The steady increment of carbon emissions: more than numbers, a reality
According to the latest International Energy Agency (IEA) report, Global CO2 emissions declined by 5.8% in 2020. Despite this fall, global energy-related CO2 emissions remained significant, which contributed to CO2 reaching its highest ever average annual concentration in the atmosphere of 412.5 parts per million in 2020 – around 50% higher than when the industrial revolution began. Moreover, in 2021, global energy-related CO2 emissions are projected to rebound and grow by 4.8% as demand for coal, oil and gas rebounds with the economy.
The increment of carbon emissions is not a recent concern. The numbers have been increasing rapidly since 1990, and the world is experiencing the consequences: Climate change. We witness extreme weather changes, wildfires, droughts, floods, extinction of species, and other tragedies.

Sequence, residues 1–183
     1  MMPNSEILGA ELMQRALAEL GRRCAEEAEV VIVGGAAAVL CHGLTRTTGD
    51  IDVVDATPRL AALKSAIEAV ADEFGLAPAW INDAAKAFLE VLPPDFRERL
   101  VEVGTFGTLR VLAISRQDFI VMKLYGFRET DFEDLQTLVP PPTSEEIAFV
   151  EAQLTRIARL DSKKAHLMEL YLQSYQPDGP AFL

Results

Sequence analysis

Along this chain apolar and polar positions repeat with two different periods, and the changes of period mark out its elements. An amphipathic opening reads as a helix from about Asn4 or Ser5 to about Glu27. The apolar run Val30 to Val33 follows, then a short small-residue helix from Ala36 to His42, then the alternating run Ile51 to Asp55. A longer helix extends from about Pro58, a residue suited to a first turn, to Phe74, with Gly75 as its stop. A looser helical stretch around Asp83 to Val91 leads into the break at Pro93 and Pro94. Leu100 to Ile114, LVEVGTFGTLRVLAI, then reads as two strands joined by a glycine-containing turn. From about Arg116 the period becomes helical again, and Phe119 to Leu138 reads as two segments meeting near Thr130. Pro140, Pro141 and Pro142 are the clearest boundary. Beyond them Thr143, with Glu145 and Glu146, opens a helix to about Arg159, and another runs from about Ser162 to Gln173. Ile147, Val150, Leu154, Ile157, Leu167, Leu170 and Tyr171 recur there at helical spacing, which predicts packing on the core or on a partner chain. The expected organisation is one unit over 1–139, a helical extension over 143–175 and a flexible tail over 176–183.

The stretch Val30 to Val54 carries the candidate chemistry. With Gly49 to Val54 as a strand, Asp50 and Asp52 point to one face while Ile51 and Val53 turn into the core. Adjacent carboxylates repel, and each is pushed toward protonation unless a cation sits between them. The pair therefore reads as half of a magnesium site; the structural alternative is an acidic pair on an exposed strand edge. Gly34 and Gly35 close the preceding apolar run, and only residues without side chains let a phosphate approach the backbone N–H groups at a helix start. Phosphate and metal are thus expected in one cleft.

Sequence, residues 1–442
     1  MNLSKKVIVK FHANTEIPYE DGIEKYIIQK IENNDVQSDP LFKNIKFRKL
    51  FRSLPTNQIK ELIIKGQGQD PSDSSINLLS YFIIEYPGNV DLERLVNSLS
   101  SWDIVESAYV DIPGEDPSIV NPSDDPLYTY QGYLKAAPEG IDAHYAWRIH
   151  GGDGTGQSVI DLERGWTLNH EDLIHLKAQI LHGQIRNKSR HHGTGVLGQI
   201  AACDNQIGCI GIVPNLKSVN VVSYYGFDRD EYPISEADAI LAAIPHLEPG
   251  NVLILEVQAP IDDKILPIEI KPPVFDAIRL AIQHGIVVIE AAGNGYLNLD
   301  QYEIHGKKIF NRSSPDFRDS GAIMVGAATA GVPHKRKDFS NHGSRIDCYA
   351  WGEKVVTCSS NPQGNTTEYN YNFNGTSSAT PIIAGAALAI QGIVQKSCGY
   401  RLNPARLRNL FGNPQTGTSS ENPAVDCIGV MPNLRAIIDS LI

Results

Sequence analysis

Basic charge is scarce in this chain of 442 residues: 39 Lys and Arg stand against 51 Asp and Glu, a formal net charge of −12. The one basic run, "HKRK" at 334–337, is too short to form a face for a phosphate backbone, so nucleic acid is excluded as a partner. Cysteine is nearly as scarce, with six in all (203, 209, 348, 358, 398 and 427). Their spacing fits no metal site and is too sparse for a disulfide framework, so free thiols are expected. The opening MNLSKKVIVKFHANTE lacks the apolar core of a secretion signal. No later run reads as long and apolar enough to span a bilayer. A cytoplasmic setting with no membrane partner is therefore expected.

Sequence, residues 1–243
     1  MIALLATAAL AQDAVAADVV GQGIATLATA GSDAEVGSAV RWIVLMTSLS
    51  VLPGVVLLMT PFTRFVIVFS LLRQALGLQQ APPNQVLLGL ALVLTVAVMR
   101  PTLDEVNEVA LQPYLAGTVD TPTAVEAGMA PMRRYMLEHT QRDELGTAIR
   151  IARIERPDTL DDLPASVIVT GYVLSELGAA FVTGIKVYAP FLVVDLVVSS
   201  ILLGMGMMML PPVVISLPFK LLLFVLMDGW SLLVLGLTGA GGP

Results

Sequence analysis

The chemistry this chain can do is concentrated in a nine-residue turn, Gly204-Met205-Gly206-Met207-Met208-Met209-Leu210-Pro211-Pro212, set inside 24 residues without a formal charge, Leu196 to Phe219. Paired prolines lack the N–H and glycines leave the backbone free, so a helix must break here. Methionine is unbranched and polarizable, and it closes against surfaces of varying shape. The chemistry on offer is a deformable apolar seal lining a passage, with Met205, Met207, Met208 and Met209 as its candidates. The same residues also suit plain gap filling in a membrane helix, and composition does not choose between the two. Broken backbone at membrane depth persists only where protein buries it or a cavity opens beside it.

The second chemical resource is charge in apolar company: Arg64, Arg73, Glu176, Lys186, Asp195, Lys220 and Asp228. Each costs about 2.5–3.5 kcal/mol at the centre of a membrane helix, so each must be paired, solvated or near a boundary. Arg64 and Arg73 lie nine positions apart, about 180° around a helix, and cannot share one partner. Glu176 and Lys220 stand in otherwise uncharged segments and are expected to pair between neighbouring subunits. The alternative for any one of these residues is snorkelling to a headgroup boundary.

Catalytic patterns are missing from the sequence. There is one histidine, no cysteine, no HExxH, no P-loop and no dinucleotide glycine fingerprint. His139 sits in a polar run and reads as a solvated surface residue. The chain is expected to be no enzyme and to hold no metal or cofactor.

A panorama that calls for action
72% of greenhouse gas emissions are carbon dioxide (CO2). The three biggest economic sectors of greenhouse gas concentrations are placed as follows: 21 % in the industry, 25% in electricity and heat production, and 24% in agriculture and land use. These three sectors are involved in the majority of the production chain. Therefore, companies that focus on productive activities have a significant role in generating carbon emissions.
As one of the possible solutions to excessive carbon emissions, a net-zero emissions is a viable goal, difficult to achieve ipso facto. However, a reduction or offsetting of CO2 can be carried out now and have a positive and powerful impact on the world’s environmental fate.